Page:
ORIGINAL REPORTING: Taking Energy Storage To The Markets
Enabling storage integration through market-driven procurements; Competitive solicitations could grow energy storage the same way as low-cost renewables.
Herman K. Trabish, Feb. 25, 2019 (Utility Dive)
Editor’s note: Demand for storage continues to rise and procurements through competitive solicitations, aka reverse auctions, are proliferating.
Rising renewables growth shows mandates and incentives for them work. But continued demand for renewables is creating a need for more energy storage to stabilize the grid which is estimated to be significantly bigger than current build-out plans, driven by existing policies, are likely to achieve. Many say more use of the competitive auctions that have helped drive renewables growth can also accelerate the deployment of storage.
In November 2018, 100 or more cities had 100% renewables commitments. Fortune 500 companies with 100% goals more than doubled in 2018 to 53. The storage incentives and mandates to reliably integrate such high levels of variable renewables into the grid are lacking, with some notable exceptions like California, New York and Massachusetts. But market-based auctions may propel procurement of energy storage.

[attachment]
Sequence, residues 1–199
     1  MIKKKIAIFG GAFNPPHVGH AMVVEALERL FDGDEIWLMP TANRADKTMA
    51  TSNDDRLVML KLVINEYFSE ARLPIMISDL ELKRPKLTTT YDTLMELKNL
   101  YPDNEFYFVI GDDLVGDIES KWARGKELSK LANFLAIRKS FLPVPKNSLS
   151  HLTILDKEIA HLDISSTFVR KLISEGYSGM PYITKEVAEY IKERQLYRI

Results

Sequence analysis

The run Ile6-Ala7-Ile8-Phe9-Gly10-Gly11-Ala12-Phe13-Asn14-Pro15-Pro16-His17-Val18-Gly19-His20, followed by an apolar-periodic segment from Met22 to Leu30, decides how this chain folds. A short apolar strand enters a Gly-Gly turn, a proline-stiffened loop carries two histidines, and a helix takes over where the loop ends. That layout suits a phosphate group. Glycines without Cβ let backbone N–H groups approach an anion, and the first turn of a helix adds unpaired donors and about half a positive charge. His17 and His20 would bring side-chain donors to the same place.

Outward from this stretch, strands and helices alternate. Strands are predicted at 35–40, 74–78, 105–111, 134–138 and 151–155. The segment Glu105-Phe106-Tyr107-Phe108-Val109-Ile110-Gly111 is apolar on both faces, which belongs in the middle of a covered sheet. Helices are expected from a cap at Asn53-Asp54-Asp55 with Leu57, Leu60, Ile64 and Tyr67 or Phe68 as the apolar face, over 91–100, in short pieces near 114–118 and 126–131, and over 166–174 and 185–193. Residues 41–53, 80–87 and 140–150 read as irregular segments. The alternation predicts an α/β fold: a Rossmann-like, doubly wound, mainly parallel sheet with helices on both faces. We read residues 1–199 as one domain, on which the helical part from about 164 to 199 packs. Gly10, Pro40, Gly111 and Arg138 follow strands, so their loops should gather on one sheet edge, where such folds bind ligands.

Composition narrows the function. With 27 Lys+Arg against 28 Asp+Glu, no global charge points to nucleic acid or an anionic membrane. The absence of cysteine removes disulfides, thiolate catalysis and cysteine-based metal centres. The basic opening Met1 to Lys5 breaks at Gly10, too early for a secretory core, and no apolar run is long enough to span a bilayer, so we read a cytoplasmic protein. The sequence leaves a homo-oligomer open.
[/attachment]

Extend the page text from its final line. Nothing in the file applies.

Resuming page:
Energy storage "is particularly well suited" to cost-effectively meet the "critical challenge" to grid reliability created by high levels of variable renewables, according to a new study from the Environmental Defense Fund (EDF). It can store excess renewables generation when prices are low and dispatch the power on demand. It can also integrate rising levels of renewables by smooth the supply disruptions caused by “cloudy days or calm nights," David Hart, Information Technology and Innovation Foundation (ITIF) senior fellow recently wrote.
Getting the United States to very high levels of renewables could take 10,000 GWh of battery storage, but a December 2018 Wood Mackenzie-Energy Storage Association (ESA) report found the total U.S. installed battery energy storage capacity at just over 500 MWh. Recent renewables procurements have reversed the traditional auction structure of a single seller and multiple buyers. Instead, one utility buyer has solicited bids from multiple sellers. These market-driven procurements, designed to maximize competition, have long been used by utilities to procure resources. In recent solicitations, they have unexpectedly delivered not just low-cost renewables but low-cost renewables-plus-energy storage products…” click here for more
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